Indian airlines on Wednesday began evacuating stranded people from flood-ravaged Jammu and Kashmir with Air India flying back 270 passengers free, as DGCA asked them to cap total fares including taxes on Srinagar-Delhi and Leh-Delhi sectors at Rs 2,800 and Rs 3,000 respectively.
While Air India operated a widebody Airbus A-330 to Srinagar to bring back 270 passengers, mostly tourists, free of charge, IndiGo flew 150 of them in a similar manner officials of both carriers said.
Almost all airlines including GoAir, SpiceJet and Jet Airways have decided to mount additional flights to Srinagar to help stranded passengers return home.
The Directorate General of Civil Aviation has directed the airlines to cap the airfares on Srinagar-Delhi and Leh-Delhi to Rs 2,800 and Rs 3,000, inclusive of all taxes and charges.
It has also asked them not to collect fares from such passengers in case they were cash-strapped due to the precarious situation prevailing in the flood-hit state.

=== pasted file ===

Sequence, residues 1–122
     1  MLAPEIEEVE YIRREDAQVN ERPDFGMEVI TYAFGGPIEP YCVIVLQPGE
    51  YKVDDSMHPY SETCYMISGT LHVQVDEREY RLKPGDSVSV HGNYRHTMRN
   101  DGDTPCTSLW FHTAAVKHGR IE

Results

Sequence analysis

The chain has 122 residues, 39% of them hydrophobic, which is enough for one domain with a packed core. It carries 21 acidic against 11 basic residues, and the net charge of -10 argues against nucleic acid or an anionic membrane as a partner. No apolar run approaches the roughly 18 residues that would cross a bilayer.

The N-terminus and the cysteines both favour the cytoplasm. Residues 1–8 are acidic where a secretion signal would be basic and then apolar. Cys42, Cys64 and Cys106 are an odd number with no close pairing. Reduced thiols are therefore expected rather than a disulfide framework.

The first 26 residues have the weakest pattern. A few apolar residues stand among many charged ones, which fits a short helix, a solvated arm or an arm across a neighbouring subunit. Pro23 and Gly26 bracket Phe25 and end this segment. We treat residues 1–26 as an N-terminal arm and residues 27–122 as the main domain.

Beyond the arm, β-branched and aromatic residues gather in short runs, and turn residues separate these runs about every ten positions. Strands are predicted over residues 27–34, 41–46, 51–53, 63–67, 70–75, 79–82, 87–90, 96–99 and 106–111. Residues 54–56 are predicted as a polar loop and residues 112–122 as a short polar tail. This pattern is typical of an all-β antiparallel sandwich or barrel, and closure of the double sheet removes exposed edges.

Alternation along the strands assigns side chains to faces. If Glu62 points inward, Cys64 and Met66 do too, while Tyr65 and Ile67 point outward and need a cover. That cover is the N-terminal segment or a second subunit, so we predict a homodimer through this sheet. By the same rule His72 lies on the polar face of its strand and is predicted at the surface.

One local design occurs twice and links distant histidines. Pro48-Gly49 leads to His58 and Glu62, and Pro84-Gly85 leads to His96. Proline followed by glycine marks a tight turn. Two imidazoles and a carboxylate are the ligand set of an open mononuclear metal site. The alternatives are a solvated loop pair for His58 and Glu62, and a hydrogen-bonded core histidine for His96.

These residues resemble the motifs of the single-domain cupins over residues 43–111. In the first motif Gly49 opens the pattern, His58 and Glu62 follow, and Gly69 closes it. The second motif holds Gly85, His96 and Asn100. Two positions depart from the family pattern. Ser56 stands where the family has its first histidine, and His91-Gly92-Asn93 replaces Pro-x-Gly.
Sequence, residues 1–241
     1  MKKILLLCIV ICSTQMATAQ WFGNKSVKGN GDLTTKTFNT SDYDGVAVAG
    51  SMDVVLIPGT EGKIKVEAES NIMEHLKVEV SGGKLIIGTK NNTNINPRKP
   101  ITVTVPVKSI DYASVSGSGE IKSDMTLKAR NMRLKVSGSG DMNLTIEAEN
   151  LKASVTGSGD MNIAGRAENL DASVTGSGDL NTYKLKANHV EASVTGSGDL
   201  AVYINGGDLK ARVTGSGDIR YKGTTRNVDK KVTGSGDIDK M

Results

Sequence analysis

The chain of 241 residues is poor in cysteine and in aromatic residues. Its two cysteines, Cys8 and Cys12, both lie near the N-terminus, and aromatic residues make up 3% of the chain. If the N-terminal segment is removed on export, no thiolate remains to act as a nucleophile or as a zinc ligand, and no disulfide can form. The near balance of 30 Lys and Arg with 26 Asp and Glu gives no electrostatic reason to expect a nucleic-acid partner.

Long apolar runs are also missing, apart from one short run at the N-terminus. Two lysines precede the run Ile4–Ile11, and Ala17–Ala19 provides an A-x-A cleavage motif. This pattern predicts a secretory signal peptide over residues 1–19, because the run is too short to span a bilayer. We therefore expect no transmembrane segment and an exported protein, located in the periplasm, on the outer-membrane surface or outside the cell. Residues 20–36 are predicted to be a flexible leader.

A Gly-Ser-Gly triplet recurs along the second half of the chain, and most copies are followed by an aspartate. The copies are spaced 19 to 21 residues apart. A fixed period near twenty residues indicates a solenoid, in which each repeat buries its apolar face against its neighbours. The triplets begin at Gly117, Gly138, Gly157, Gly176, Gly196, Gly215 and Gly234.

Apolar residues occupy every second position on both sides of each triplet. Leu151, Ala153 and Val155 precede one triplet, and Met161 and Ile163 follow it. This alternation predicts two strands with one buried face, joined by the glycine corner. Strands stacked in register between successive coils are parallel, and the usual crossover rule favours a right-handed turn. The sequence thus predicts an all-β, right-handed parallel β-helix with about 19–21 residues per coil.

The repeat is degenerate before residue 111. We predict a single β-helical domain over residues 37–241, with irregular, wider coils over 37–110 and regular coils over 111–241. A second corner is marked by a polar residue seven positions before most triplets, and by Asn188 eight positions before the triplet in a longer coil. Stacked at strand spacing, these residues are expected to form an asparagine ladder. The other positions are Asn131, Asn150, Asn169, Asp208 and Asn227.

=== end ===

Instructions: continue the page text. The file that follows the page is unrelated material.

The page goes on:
In letters to various airlines flying to and from Srinagar, DGCA Joint Director General Lalit Gupta said, "All airlines must ensure that they not charge the prevalent airfare and instead charge only fixed airfare, which in any case should not exceed Rs 2,800 (all inclusive) on Srinagar-Delhi sector till the flash flood situation prevails."
"Airlines must airlift those passengers from Srinagar also who do not have any money at this stage. Such passengers may be charged airfare upon arrival at Delhi," Gupta said.
A similar letter was sent to those airlines flying to Leh, where the all-inclusive fare was to be Rs 3,000. There are about 350 passengers who were stranded at Leh.
With most of Srinagar submerged, passengers were finding it extremely difficult to reach the airport, while incoming passengers were not able to leave the airport due to the high water levels all around the capital city.
The airlines were also carrying loads of relief materials, including food packets, blankets, drinking water and medicines, besides doctors and communication equipment to the flood-hit state.